By Matthew Michaels, MD
Board Certified, Physical Medicine & Rehabilitation
Orthopedic Center of Illinois
The spine and the neck
The spine is an enormously complex structure. Each segment includes three separate joints comprised of the cartilaginous intervertebral disc and the paired facet joints — the latter of which are located towards the back and to either side of the spine. The spine is divided into three segments, Cervical (Neck), Thoracic (rib cage area), Lumbar (low back). For now we will focus on the neck, which for our purposes will include the junction between neck and head as well as between the cervical and thoracic areas.
There are seven neck (cervical) vertebrae but only six cervical discs, including the disc between the bottom neck bone (C7) and the part of the spine to which the ribs attach (thoracic spine – T1). The top two vertebrae lack a disc and form the direct attachment of the skull to the neck.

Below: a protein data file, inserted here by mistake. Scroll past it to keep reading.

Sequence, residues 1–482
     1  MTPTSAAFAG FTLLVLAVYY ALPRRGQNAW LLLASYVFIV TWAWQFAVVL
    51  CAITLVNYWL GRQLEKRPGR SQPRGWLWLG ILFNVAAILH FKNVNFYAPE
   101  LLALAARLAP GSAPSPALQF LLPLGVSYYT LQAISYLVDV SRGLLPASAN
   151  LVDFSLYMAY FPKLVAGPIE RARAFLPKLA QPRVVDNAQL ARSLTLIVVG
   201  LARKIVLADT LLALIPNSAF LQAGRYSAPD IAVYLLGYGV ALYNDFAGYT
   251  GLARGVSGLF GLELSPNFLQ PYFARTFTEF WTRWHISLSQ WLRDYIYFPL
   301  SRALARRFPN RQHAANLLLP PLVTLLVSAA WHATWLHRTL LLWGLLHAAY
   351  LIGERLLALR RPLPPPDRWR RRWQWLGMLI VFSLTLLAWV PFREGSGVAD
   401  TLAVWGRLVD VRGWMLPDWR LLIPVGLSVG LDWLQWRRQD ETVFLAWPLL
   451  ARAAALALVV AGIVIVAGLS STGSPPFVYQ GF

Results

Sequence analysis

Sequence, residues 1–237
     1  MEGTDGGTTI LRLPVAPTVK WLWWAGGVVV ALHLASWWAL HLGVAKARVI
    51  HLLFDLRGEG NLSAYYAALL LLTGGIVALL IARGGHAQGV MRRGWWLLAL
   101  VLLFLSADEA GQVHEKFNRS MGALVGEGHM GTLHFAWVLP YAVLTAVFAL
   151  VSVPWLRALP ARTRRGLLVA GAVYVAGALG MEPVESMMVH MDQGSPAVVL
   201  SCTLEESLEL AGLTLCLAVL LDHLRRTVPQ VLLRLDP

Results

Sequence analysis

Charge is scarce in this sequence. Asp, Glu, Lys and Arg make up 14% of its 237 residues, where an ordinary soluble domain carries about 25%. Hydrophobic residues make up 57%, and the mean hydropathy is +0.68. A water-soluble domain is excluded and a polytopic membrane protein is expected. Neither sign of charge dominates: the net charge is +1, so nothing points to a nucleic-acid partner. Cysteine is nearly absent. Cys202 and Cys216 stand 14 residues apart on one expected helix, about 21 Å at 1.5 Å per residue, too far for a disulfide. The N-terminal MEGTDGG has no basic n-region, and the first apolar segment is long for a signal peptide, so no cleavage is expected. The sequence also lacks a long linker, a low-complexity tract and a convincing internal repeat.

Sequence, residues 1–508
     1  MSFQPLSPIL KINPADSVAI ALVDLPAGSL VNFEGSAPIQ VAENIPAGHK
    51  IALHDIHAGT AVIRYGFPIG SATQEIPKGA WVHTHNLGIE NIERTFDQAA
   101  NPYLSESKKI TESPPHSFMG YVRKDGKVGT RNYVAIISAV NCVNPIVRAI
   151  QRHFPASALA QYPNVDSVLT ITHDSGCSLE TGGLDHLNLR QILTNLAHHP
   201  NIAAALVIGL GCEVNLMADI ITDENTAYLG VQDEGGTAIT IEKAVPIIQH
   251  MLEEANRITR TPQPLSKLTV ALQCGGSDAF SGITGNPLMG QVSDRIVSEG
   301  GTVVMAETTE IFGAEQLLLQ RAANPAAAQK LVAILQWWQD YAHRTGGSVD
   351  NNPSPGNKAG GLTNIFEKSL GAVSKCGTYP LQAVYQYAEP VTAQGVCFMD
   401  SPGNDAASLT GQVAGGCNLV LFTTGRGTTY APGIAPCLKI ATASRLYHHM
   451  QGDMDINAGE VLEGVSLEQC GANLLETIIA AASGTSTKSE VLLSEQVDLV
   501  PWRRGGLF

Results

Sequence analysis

The remainder of the cervical spine comprises the five additional vertebrae (C3-C7), six cervical discs (C3-T1), and the paired facet joints at every level (12 in total). The cervical spine also houses and protects the spinal cord, cervical nerve roots, blood vessels to the base of the brain, and too many ligaments, tendons, and muscles to list.
When you move your neck, every structure plays a role and every structure influences the structures adjacent to it. Injury to any one structure will affect the surrounding structures, causing pain as well as changes in motion and posture. If the primary injured structure in your neck has lost motion or caused changes in posture to avoid pain (called antalgic posturing), the neck will feel stiff and painful even after the primary structure has recovered. The pain will then persist until normal range of motion and normal posture have been restored. Most of this restoration in posture and movement has to be done actively (meaning you do it for yourself with expert instruction).